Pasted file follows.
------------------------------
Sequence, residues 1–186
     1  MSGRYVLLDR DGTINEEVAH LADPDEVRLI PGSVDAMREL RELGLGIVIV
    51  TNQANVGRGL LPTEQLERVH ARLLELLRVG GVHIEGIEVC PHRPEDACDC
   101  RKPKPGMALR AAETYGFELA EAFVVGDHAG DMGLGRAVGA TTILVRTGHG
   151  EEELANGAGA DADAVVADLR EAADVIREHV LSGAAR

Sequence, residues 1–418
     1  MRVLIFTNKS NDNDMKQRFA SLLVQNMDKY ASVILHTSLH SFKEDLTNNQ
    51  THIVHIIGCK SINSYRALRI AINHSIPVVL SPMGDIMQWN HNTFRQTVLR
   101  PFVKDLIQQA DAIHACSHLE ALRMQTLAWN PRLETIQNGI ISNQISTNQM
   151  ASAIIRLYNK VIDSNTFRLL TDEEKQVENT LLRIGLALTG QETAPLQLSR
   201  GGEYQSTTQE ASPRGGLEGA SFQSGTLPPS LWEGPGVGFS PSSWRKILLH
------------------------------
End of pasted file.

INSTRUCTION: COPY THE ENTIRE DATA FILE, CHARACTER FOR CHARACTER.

Sequence, residues 1–186
     1  MSGRYVLLDR DGTINEEVAH LADPDEVRLI PGSVDAMREL RELGLGIVIV
    51  TNQANVGRGL LPTEQLERVH ARLLELLRVG GVHIEGIEVC PHRPEDACDC
   101  RKPKPGMALR AAETYGFELA EAFVVGDHAG DMGLGRAVGA TTILVRTGHG
   151  EEELANGAGA DADAVVADLR EAADVIREHV LSGAAR

Sequence, residues 1–418
     1  MRVLIFTNKS NDNDMKQRFA SLLVQNMDKY ASVILHTSLH SFKEDLTNNQ
    51  THIVHIIGCK SINSYRALRI AINHSIPVVL SPMGDIMQWN HNTFRQTVLR
   101  PFVKDLIQQA DAIHACSHLE ALRMQTLAWN PRLETIQNGI ISNQISTNQM
   151  ASAIIRLYNK VIDSNTFRLL TDEEKQVENT LLRIGLALTG QETAPLQLSR
   201  GGEYQSTTQE ASPRGGLEGA SFQSGTLPPS LWEGPGVGFS PSSWRKILLH